On the roads, Tony Hartzel with the Texas Department of Transportation says crews doing their regular daily inspection routes haven’t found any quake damage. He’s confident in the strength and stability of Texas bridges even though state construction standards don’t even mention earthquakes.

“There’s not a specific standard, but the bridges are definitely built to withstand stresses, such as these earthquakes,” Hartzel says.

[Related: After Quakes, Inspecting Roads, Trains And Insurance Policies]

A look at one of Tuesday's quakes

A look at the U.S. Geological Survey's intensity map of Tuesday afternoon's earthquake in Irving.
Credit U.S. Geological Survey

SMU studying Irving quakes

Seismologists from SMU installed seismic monitoring equipment in northeast Irving Monday after the recent rash of minor earthquakes. 

Irving City Manager Chris Hillman told KERA last week it was time to call in the experts.

“The frequency seems to have increased over the past month, month-and-a-half," Hillman says. "So therefore we’re asking the experts from SMU to come in and help assist. They’re going to be bringing in some additional equipment to help monitor and get more information if another earthquake were to occur.”

Video: Watch the SMU team install the equipment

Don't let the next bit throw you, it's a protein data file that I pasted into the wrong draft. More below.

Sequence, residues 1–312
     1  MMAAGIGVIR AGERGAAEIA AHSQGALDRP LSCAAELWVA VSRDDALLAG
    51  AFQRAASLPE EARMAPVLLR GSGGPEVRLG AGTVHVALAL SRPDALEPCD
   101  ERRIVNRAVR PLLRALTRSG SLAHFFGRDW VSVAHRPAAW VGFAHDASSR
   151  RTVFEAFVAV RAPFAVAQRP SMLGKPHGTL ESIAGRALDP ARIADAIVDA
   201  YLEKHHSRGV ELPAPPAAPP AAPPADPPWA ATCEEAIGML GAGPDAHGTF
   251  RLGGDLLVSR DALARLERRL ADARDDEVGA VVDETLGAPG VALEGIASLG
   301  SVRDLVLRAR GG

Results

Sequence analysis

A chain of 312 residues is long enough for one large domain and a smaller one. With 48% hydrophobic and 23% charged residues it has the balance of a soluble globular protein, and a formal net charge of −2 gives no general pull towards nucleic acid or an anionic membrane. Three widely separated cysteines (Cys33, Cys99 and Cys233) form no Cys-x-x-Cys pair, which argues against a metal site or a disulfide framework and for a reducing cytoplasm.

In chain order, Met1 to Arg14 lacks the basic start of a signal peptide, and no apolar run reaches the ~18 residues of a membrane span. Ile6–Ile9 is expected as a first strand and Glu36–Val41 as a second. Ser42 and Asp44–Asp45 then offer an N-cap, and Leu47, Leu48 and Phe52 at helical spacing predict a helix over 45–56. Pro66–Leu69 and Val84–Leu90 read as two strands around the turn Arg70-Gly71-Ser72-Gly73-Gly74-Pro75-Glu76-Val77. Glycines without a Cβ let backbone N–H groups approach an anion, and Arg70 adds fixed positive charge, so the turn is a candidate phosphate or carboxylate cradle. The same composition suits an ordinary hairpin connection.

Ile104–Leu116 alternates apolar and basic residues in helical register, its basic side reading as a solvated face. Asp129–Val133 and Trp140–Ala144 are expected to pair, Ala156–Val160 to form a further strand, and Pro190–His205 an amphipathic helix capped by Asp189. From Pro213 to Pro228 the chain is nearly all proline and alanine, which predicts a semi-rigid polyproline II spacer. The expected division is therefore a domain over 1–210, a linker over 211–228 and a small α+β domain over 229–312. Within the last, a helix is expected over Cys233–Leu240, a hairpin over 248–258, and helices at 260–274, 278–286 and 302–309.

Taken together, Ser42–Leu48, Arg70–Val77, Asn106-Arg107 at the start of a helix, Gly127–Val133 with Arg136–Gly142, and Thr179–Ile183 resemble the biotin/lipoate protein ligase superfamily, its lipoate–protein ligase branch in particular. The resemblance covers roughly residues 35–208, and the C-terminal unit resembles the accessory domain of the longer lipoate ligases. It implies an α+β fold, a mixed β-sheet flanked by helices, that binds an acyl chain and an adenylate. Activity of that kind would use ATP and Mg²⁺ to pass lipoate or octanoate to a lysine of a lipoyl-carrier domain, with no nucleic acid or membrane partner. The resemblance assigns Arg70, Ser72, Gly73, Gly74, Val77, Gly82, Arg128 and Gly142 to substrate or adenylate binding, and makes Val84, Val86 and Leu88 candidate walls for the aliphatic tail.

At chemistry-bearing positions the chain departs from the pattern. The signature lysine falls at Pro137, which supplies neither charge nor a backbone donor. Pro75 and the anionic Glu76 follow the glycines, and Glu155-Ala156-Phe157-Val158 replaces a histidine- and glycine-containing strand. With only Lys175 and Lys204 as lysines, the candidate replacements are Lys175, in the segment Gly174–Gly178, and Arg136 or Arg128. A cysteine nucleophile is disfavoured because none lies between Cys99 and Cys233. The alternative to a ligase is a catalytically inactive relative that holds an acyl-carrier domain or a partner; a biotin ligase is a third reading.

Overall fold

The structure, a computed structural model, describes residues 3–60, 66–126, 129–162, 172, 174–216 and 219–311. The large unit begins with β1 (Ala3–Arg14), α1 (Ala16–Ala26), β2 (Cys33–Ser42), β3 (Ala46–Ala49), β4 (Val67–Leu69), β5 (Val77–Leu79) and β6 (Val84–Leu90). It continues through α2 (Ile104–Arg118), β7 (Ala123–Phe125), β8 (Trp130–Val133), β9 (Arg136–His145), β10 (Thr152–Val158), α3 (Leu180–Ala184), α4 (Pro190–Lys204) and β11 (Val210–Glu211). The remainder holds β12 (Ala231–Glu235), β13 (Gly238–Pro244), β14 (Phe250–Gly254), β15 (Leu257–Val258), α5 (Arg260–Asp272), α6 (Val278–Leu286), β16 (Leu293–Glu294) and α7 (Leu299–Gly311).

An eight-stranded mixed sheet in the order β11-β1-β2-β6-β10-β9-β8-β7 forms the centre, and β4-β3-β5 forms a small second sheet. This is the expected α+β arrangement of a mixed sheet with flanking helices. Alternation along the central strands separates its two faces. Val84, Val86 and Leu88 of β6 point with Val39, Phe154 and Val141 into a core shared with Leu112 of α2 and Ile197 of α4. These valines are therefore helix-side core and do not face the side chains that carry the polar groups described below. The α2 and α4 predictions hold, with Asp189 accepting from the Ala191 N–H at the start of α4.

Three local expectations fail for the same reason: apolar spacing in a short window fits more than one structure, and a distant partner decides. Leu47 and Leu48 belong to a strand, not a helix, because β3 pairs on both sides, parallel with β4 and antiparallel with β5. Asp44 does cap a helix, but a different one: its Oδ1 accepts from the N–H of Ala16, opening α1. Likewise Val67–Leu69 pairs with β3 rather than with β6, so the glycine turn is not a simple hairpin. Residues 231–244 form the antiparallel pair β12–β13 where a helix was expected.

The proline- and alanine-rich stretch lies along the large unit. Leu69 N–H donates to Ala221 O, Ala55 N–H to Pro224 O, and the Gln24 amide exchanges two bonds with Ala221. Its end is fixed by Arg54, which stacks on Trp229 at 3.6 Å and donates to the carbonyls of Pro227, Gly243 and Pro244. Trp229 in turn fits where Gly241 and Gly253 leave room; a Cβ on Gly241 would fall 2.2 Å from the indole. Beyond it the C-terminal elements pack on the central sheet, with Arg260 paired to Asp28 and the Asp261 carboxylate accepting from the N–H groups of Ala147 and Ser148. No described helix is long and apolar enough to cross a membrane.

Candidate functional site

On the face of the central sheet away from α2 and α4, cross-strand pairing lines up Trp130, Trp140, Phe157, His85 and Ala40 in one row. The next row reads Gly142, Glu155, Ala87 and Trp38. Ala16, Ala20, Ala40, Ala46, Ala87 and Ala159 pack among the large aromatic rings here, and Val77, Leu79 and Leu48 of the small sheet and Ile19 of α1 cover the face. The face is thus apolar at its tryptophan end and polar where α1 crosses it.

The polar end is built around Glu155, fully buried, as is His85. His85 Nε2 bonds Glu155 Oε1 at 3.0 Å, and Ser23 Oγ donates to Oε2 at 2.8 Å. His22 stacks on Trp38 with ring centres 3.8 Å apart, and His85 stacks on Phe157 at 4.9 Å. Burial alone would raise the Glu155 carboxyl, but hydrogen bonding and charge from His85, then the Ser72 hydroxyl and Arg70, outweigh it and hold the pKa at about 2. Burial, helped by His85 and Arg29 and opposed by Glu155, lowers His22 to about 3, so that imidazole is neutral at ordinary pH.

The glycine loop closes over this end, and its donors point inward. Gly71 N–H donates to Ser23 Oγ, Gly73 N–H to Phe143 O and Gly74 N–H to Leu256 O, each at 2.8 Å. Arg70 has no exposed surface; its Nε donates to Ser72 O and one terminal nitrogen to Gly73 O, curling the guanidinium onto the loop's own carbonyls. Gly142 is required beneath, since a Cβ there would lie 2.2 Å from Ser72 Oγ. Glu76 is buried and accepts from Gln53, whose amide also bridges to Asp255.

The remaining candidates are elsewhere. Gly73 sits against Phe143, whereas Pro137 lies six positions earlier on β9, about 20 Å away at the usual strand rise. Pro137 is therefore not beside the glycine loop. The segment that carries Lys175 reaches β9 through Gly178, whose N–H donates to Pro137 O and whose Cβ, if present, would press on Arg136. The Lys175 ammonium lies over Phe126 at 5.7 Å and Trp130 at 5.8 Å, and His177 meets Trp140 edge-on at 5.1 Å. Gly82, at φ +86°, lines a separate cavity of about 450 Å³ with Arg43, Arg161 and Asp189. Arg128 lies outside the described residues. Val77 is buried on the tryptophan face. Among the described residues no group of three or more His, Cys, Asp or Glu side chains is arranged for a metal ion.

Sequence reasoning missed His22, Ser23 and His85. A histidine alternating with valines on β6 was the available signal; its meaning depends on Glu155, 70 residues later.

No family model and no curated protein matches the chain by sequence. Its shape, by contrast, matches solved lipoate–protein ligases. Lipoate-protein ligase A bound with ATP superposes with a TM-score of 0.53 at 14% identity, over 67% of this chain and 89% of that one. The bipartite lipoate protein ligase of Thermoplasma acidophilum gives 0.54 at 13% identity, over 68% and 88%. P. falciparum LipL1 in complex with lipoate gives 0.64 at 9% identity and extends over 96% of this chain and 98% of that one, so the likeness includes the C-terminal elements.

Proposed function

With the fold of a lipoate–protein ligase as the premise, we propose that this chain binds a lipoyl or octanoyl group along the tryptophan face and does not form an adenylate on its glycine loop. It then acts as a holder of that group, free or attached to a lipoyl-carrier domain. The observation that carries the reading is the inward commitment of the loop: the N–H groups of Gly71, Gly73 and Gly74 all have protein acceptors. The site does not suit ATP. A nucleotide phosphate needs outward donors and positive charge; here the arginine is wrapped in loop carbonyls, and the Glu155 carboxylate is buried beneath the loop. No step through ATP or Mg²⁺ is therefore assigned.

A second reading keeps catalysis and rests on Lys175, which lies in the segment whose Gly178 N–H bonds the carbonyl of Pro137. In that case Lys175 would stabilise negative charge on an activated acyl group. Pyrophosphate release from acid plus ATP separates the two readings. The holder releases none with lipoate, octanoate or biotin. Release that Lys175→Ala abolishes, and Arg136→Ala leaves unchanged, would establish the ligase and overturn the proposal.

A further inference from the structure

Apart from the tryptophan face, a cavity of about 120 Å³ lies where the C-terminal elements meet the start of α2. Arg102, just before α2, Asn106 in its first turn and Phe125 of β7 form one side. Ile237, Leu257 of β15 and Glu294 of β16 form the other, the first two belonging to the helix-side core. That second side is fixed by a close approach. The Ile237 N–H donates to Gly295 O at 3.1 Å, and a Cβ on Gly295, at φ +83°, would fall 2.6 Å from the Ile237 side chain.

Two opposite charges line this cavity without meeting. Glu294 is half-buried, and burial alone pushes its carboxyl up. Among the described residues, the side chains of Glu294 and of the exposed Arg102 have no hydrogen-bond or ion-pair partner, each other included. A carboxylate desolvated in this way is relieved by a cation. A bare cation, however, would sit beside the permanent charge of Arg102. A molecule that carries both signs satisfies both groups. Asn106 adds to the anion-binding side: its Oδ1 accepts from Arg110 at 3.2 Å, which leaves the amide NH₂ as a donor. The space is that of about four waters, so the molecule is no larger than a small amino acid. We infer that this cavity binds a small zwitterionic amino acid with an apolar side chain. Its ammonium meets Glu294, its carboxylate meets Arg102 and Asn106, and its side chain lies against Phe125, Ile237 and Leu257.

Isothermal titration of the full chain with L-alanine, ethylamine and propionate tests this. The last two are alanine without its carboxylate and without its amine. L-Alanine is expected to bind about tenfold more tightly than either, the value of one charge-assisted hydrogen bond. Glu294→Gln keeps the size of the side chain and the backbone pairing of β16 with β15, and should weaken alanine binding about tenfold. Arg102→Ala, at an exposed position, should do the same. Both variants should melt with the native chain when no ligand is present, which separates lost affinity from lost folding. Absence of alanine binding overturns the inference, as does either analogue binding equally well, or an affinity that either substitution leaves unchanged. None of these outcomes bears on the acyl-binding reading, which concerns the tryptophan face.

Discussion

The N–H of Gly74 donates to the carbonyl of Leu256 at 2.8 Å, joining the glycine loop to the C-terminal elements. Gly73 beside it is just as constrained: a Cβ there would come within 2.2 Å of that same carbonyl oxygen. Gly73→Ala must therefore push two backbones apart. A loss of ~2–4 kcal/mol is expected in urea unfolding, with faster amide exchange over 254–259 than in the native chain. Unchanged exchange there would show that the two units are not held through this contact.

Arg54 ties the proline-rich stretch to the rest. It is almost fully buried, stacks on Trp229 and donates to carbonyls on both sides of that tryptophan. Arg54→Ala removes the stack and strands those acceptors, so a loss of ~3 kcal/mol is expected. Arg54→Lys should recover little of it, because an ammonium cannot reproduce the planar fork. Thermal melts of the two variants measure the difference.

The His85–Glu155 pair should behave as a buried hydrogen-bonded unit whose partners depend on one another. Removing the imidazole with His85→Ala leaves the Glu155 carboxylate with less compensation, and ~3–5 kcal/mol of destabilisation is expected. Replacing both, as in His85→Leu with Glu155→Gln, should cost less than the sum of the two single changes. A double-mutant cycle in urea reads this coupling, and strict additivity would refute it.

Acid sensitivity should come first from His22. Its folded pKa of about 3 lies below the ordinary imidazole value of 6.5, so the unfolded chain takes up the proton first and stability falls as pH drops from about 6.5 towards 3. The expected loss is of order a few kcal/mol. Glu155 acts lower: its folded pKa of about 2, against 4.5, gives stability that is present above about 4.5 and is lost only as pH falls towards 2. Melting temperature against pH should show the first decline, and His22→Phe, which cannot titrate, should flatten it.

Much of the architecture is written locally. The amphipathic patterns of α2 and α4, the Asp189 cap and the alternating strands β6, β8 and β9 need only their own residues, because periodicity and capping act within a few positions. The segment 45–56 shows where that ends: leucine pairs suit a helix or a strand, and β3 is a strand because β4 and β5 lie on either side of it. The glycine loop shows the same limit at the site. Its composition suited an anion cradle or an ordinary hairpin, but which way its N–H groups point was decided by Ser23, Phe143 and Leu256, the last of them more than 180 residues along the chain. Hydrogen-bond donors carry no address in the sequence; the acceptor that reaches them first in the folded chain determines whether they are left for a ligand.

More on SMU's efforts

SMU seismologist Brian Stump wrote on the SMU website:

The seismology team also can retrieve data from a University-controlled portable seismometer previously installed at a site south of DFW airport, as well as the seismometer permanently installed in the basement of Heroy Hall on the SMU campus. 

SMU experts have also monitored activity in the Azle area, where there was an earlier swarm of quakes. The quakes in and near Azle are considered relatively small, but they’ve been large enough to cause damage and raise alarm. Both the mayors of Reno and Azle believe there is a link to the disposal wells from oil and gas drilling in the area. 

Video: Watch the Jan. 6 press conference featuring SMU experts

We've reported on SMU's efforts to study the North Texas quakes. Here's another story on SMU's efforts.

Here's what USGS had to say on Twitter:

USGS posted this on its website about earthquakes in central and eastern North America:

As is the case elsewhere in the world, there is evidence that some central and eastern North America earthquakes have been triggered or caused by human activities that have altered the stress conditions in earth's crust sufficiently to induce faulting. Activities that have induced felt earthquakes in some geologic environments have included impoundment of water behind dams, injection of fluid into the earth's crust, extraction of fluid or gas, and removal of rock in mining or quarrying operations. In much of eastern and central North America, the number of earthquakes suspected of having been induced is much smaller than the number of natural earthquakes, but in some regions, such as the south-central states of the U.S., a significant majority of recent earthquakes are thought by many seismologists to have been human-induced.

[Related: The latest developments on KERA's Earthquake Blog.]

Learn more: KERA earthquake coverage

KERA has been exploring the North Texas earthquakes in recent months. Here's a look at some of our recent coverage.

KERA's Bill Zeeble, StateImpact Texas and The Associated Press contributed to this report.

Texas Stadium site photo by Paul Moseley/Fort Worth Star-Telegram

Video: Watch aerial footage of the old Texas Stadium site